At this point in his career, Gordon Ramsay could technically coast on his larger than life reputation. He has Michelin stars, multiple television shows, and a following that includes the famous, the infamous, and the typical homegrown cook. He can even manage to mollify scandal, as when a notorious "mistress to the stars" suggested that she and the high profile celebrity shared a series of "intimate" encounters a few years back (an allegation Ramsay vehemently denied). Now, with his food service empire shaken by the recent economic crisis, the curse-word king remains a pop culture fixture. Last month, DVD distributor BFS released the first series of the entrepreneur's entertaining cooking-cum-chat show The f Word. Series 2 is now out on the digital domain, and while missing an important ingredient for any fan of Ramsay and his resilient public persona, it's another foray into food, fun, and one incredibly fascinating overblown public personality.
In addition, the overall series has a collection of unique themes. The first time around, Ramsay focused on a campaign to get women "back" in the kitchen. This time, he wants to bring Sunday lunch back to British families. There's also a more personal aspect to the show, as Ramsay tries to raise his four young children to appreciate the food they eat. This series, they are raising their own hogs for a succulent summer feast.
Finally, in between all the celebrity chat and special reports from presenter Janice Street-Porter, Ramsay treats his customers to a competition. Famous faces step into the kitchen and match signature recipes with the master. After each one is complete, they are judged by a panel of specially chosen eaters. The winner earns f Word bragging rights. In case you're curious about the kinds of foods offered during the eight installments within this three DVD set, here's the individual dishes presented:
Episode 1 - Salad of Red Mullet, Saddle of Lamb, Summer Pudding
Episode 3 - Scrambled Eggs with Wild Mushrooms, Steamed Black Bream, Gratin Savion
Episode 4 - Summer Soup, Rabbit Fricassees, Rhubarb Soufflé
Episode 5 - Asian Calamari with Bok Choy, Bacon Wrapped Stuffed Chicken Leg, Crepes Suzette
Episode 6 - Prawn Toast with Cucumber Salad, Lemon Sole in Paper, Plum Tatin
Episode 7 - Onion Tart with Fried Quail Eggs, Breast of Duck with Gooseberry Sauce, Four Minute Chocolate Mousse
Episode 8 - Crab Rolls with Fresh Mango Salsa, Beef Filet with Mushroom Gratin, Hot Chocolate Fondant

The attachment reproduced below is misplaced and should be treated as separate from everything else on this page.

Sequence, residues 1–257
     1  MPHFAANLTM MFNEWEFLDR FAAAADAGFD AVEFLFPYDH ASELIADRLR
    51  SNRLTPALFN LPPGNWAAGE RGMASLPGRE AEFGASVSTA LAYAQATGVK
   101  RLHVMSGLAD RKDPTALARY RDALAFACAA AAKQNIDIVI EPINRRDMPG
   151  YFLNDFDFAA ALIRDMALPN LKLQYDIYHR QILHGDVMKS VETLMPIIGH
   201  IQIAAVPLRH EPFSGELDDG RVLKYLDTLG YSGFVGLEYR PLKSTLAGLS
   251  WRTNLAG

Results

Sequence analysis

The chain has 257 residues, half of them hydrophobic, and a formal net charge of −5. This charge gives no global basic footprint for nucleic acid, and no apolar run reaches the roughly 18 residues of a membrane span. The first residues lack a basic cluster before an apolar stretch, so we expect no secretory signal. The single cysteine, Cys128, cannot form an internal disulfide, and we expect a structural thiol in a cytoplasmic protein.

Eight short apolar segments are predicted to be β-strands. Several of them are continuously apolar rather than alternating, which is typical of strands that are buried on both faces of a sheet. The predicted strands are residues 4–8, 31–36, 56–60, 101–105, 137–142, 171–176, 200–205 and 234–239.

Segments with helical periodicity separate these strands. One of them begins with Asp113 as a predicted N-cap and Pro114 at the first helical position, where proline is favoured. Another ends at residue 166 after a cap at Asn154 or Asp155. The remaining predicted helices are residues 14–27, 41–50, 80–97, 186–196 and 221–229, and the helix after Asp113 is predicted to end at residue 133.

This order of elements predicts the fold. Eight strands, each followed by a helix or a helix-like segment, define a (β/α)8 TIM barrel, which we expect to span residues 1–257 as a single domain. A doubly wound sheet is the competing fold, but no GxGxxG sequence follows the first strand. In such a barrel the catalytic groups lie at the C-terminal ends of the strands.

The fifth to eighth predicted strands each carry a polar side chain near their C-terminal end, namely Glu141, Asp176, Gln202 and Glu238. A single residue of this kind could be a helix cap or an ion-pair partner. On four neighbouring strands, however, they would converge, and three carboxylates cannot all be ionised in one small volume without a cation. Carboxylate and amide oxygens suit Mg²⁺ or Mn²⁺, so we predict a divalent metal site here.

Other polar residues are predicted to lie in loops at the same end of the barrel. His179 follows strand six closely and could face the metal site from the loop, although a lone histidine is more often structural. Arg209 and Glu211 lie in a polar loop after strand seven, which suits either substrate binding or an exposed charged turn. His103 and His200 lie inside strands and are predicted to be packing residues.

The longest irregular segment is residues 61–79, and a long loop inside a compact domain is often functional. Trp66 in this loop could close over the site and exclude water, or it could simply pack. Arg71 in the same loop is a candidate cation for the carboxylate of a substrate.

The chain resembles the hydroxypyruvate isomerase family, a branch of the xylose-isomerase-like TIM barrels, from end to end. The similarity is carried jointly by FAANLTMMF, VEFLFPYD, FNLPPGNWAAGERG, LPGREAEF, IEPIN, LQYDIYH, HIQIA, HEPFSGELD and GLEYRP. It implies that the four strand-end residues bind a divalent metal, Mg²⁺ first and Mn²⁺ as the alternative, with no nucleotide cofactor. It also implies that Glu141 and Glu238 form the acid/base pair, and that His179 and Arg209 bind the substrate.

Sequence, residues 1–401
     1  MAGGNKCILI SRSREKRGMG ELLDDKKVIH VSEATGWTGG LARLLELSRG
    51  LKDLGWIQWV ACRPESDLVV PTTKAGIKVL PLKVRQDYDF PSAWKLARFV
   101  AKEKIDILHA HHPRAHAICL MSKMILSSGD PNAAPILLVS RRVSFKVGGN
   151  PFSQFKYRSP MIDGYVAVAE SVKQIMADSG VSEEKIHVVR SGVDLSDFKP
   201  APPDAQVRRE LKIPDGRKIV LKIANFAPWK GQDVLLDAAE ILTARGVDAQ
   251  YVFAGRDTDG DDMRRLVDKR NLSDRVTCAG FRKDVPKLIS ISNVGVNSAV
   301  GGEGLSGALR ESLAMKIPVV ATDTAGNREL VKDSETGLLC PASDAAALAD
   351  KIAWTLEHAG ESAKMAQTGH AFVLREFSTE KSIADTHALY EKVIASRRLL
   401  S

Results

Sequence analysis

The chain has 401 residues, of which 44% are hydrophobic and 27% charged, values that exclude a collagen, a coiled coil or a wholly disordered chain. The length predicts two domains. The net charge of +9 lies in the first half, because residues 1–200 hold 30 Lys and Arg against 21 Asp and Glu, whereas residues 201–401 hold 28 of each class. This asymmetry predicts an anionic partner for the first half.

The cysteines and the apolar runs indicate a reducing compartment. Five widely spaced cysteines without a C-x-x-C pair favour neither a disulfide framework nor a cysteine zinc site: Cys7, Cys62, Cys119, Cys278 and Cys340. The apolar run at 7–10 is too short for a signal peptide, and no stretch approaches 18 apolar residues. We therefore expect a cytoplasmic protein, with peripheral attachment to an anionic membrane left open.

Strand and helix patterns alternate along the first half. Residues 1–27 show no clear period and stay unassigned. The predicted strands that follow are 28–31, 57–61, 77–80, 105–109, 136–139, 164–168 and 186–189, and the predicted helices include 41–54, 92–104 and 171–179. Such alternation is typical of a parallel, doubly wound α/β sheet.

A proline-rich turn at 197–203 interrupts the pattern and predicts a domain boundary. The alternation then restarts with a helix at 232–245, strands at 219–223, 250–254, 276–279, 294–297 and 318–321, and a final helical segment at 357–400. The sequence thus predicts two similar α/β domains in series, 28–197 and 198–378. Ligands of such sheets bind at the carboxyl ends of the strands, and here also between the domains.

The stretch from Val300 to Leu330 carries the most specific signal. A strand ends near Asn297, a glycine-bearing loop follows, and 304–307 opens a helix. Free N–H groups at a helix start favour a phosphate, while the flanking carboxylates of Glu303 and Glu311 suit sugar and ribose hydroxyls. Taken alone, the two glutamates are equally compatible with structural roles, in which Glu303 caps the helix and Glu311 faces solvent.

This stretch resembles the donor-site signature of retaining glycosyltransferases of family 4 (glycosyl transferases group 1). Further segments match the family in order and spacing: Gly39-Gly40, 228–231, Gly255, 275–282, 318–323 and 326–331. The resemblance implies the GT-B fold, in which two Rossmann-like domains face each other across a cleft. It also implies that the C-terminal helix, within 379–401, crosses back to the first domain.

Episode 9 - Scallops with Summer Truffles, Pressed Belly of Pork, Roast Lion of Pork, Baked Apples, Apple Tart
Ramsay is also a bit of a hypocrite this time around. Last series, he raised turkeys to take to the slaughter. It was Christmas Walking Bird for one and all. This time, it's pigs, and the sizeable step up the food chain seems to really effect him - at least, for a while. He loves these animals and makes sure they have as many amenities as possible during their stay in his back garden. He even takes them to a pig judging competition. In the penultimate episode, when his beloved prized sows are finally brought to the abattoir, Ramsay balks as they are electrocuted, bled, and then boiled in scorching water. The look on his face suggests that he is genuinely moved. He takes it very hard and appears to have an epiphany of sorts - that is, until he returns for the finale and practically drools over the lean meat he is about to prepare. Such mixed messages are the hardest part of The f Word. One minute, he's joking about some obscure ingredient. The next he's commenting on how the British no longer eat items like jellied eel.
The use of unschooled brigades is really the show's highlight. You'd think that merely mixing up the ingredients for a ripping chocolate mouse or grilling a few pieces of fish would be nothing for these self-professed gourmets. But the minute Ramsay actually makes demands of them, the second he stops being a celebrity and starts being a boss, the majority of these crews crumble. Watching them take the hit is part of The f Word's charm. It's also the show's major element of dissatisfaction. Watching people fail over and over again is not the most entertaining of broadcast pastimes, and when you've got cocky policemen or priggish college kids who really don't know what they're doing in a professional kitchen, the flop sweat can be stinky indeed. At least the celebrity cook-off challenges take the right approach. Thanks to their own inherent fame, Ramsay is less overbearing and the time they spend together is incredibly appealing. Overall, this second go round with The f Word shows some vast improvement over the lame chat show stylings of the first series. Things aren't perfect, and when dealing with someone like Ramsay, that's rare indeed.
Anyway, the show is presented in a letterboxed, 16x9 transfer in the UK, and the anamorphic Region 1 DVD version of The f Word maintains such a theatrical framing. The 1.78:1 image is translated over from PAL to NTSC with skill and care. There is no ghosting, lag, or any other element we come to expect when formats travel across the Atlantic. The visual element here is bright, detailed, and very well put together. Hats off to the various directors for keeping everything from tumbling over into chaos.